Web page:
Good isn’t good enough…part two

30 Aug

It’s impossible to be good apart from Christ because Christ is the definition of what is good.

When we as believers talk about being good we’re not just making stuff up.

Good is not arbitrary.

It’s not what you want to be good.

It’s not what I want to be good.

It’s what God says is good.

And God’s standard of good is Jesus Christ.

He’s the standard of what’s true and false. “See to it that no one takes you captive through philosophy and empty deception, according to the tradition of men, according to the elementary principles of the world, rather than according to Christ.” (Col.2:8)

And he’s the standard of what’s right and wrong. It’s interesting to note how often Paul, in forbidding certain behaviors, will say that reason those behaviors are not acceptable because they are not ‘according to Christ.’ Just check out Colossians 3.

Why do certain things need to be put off? They are earthly and not according to Christ.

Why do certain things need to be put on? They are the kinds of practices that are in accordance with Christ.

Christ is the standard.

The unbeliever, in rejecting Christ, has rejected the standard of what is good.

Sometimes they do that blatantly.

They reject all absolutes…which leaves them in a difficult position if they claim they are good people, because how you can be a good person when you have rejected the standard of what is good. The person who rejects the external standard of what is good, God’s Word, only has his opinion about what is good. If he believes in good at all, he makes decisions about good and evil on the basis of what he feels in his gut, or what he’s heard, or what he’s read.

He rejects Christ as the standard and sets himself up in his place…which might feel good, but doesn’t fly because it’s not reality.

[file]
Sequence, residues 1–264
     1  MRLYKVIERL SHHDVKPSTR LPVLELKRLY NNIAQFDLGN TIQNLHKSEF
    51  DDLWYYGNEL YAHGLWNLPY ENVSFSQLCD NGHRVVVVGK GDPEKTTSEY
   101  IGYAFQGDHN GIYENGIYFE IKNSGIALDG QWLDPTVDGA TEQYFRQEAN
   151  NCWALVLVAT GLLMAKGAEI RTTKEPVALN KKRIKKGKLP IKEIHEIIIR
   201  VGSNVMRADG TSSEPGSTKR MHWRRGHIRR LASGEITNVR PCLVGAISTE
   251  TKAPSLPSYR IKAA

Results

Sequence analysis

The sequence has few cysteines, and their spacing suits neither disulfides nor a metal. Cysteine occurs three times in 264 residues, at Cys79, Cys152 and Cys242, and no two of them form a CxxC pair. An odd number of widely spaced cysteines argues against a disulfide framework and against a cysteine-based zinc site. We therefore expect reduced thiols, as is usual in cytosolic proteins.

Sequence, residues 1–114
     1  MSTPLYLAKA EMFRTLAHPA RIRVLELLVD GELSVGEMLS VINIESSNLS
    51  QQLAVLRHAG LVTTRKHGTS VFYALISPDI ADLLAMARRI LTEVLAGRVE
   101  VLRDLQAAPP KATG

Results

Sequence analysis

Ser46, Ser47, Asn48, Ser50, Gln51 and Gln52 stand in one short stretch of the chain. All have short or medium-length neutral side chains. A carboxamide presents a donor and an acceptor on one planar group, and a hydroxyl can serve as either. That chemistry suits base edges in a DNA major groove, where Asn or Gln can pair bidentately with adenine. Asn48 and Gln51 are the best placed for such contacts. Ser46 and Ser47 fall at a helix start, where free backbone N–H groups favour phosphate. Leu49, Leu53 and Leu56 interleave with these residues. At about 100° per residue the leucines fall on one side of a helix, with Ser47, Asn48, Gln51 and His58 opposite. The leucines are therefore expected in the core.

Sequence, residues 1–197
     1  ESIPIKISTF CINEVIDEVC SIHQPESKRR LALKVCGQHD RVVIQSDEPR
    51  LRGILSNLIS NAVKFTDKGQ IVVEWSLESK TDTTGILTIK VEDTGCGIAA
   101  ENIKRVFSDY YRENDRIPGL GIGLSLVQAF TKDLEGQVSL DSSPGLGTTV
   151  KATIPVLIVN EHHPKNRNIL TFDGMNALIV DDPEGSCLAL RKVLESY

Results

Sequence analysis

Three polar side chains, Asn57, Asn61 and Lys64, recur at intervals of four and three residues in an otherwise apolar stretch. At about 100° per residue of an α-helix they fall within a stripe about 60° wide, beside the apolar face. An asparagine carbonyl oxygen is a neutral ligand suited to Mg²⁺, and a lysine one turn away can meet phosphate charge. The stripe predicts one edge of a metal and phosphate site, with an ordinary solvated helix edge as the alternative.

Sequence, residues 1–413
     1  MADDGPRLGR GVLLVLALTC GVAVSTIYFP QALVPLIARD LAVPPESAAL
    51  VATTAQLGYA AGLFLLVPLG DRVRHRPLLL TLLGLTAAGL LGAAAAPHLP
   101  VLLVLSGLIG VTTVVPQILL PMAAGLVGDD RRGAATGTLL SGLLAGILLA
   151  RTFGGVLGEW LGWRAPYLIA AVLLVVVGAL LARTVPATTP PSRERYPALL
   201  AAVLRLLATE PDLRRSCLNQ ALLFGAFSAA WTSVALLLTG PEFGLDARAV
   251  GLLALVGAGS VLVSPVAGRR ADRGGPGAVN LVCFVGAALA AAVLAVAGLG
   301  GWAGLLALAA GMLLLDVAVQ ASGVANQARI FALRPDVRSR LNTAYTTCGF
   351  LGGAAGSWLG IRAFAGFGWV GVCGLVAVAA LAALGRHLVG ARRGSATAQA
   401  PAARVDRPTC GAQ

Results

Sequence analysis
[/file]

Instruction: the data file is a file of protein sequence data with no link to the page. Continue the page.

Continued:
Saying that you are a good person on the basis of what you think is good is like going into a grocery store and picking up a bottle of milk and saying I believe this bottle of mik is free. Just holding the milk bottle above your head walking through the store shouting out that you believe the bottle of milk is free, probably won’t do you much good. If the clerk doesn’t toss you out the store, at the very least he’ll tell you that while it’s nice you think it’s free, you are not the one who gets to decide.

Ultimately Christ and His Word are the standard of right and wrong. We can go around saying otherwise but when we do, we are ignoring the way things really are. If we have substituted our standard of what is good and what is not good for God’s standard of what is good, we’re going to be very disappointed when we face Him on judgment day.

You can imagine a criminal going before a judge and when asked his defense, responds “I don’t think murder is wrong.” To which the judge replies, “But the law says it is.” The criminal becomes indignant and replies, “I don’t think so.” To which the judge replies, “Bailiff…take this man away.” The criminal may have his opinion about the law, but it won’t stand in court.

Yet that’s what those who are trusting in their own goodness while rejecting Christ are planning on doing when they stand before God one day. They’ve rejected God’s standard and replaced it with their own and think he’s going to accept.

When someone says to you they are a good person, you might ask “Why do you say that?”

If they are merely resting in their own opinion of what is good, when they call themselves a good person, they are saying something completely meaningless.

Imagine a person who picks up a book and says I feel like this weighs two pounds. Then another person picks it up and says no I feel like it weights forty pounds. Then another person picks it up and says I feel like it weighs nothing at all.

Those statements don’t mean much. It doesn’t really matter what any of them feels the book weighs. It matters what it weighs. If you’ve rejected the scale, you have nothing left but a whole bunch of basically meaningless statements.

Once you throw the scale out trying to weigh things is pretty silly.

Sometimes people aren’t quite that bold however. They are religious and they believe in absolutes, they just don’t think Christ is the absolute.

You look at many world religions and they’ll say compassion is important, they’ll emphasize the importance of love. And so there are many who will say, the important thing is that we are compassionate and loving. How could God possibly say that what they are doing isn’t good if what they are doing is in accordance with the kinds of actions the Bible describes?

That’s a good question isn’t it?

If I’m doing what Christ says is good, why isn’t that enough?

That’ll have to wait until tomorrow…

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